Thursday’s Forum

Steven L. Taylor
About Steven L. Taylor
Steven L. Taylor is a Professor of Political Science and a College of Arts and Sciences Dean. His main areas of expertise include parties, elections, and the institutional design of democracies. His most recent book is the co-authored A Different Democracy: American Government in a 31-Country Perspective. He earned his Ph.D. from the University of Texas and his BA from the University of California, Irvine. He has been blogging since 2003 (originally at the now defunct Poliblog). Follow Steven on Twitter


  1. OzarkHillbilly says:

    Tariff Debate Heats Up With Lagarde Defending Rules-Based System

    If elected again, Donald Trump has pledged to enact a 10% across-the-board tariff on imports that he says will raise billions of dollars in revenue to pay for more tax cuts. But mainstream economists say such a plan, plus a 60% levy on Chinese imports, would amount to a tax increase for American households.

    Not true, says the Republican National Committee. According to reporting Monday from Bloomberg’s Nancy Cook in Washington, RNC spokesperson Anna Kelly said “the notion that tariffs are a tax on US consumers is a lie pushed by outsourcers and the Chinese Communist Party.”

    Hey GOP, whatever happened to the sacred free market?

    Oh… Right… The Chosen One said “Who needs them?” And good little lickspittles that you are, you echo it.

  2. OzarkHillbilly says:

    David Cay Johnston

    Best political art of the day:

    Land of the Free
    … and 167 Million Women

    Also this:

    A pair of Texas professors figured out that their female students have sex and, boy, they do not like it. So now the philosophy professor and finance professor are suing for the right to punish their students who, outside of class, have abortions.

    “Pregnancy is not a disease, and elective abortions are not ‘health care,'” University of Texas at Austin professor Daniel Bonevac sneers in a federal court filing with professor John Hatfield. Instead, Bonevac writes, because pregnancy is the result of “voluntary and consensual sexual intercourse,” students should not be allowed time off to get abortions. If the students disobey and miss class for abortion care, the filing continues, the professors should be allowed to flunk students. Additionally, Bonevac asserts that he has a right to refuse to employ a teaching assistant who has had an abortion, calling such women “criminals.”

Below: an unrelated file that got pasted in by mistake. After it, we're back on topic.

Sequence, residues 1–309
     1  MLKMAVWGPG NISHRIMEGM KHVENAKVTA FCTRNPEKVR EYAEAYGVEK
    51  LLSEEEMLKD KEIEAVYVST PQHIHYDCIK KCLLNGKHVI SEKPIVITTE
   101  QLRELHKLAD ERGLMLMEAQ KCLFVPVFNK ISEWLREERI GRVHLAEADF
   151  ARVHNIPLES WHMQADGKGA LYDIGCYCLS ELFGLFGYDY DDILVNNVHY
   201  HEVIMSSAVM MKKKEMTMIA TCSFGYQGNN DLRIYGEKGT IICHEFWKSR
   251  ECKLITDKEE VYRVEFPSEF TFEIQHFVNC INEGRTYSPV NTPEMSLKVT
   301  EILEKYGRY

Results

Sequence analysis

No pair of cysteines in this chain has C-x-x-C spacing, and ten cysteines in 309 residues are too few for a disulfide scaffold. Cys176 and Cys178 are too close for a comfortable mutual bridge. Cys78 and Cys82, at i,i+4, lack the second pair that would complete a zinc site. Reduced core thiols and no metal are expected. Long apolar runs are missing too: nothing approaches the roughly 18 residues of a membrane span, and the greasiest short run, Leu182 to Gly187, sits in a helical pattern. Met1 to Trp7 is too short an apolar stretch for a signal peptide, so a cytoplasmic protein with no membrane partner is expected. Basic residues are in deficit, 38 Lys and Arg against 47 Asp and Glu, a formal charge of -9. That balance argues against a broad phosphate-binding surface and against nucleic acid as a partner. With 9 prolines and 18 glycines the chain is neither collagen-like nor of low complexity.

The sexual hang-ups of abortion opponents are rarely far from the surface, but even by those low standards, the unjustified male grievance on display in this new Texas lawsuit is a doozy. At issue are federal regulations, called Title IX, first signed into law by President Richard Nixon in 1972. They currently bar publicly funded schools from discriminating on the basis of sex or gender. This means that schools cannot penalize students for health care based on sex. As a male student would be granted leave if he had to travel for surgery, so must a female student, the federal statute requires. The two men argue that granting students an excused absence in such cases violates their First Amendment rights.

    Even though the plaintiffs suing for the right to flunk female students for abortion include boilerplate arguments in which they feign concern that abortion is “killing,” the legal filing makes it clear that what really outrages Bonevac and Hatfield is that Title IX prevents them from controlling the private lives of students. Along with their anger about abortion, they grouse about not being allowed to punish students “for being homosexual or transgender.” They also argue they should be able to penalize teaching assistants for “cross-dressing,” by which they appear to mean allowing trans women to wear skirts.

    Apparently, Texas is not too big to be an insane asylum even if South Carolina is.

  3. Mikey says:


    RNC spokesperson Anna Kelly said “the notion that tariffs are a tax on US consumers is a lie pushed by outsourcers and the Chinese Communist Party.”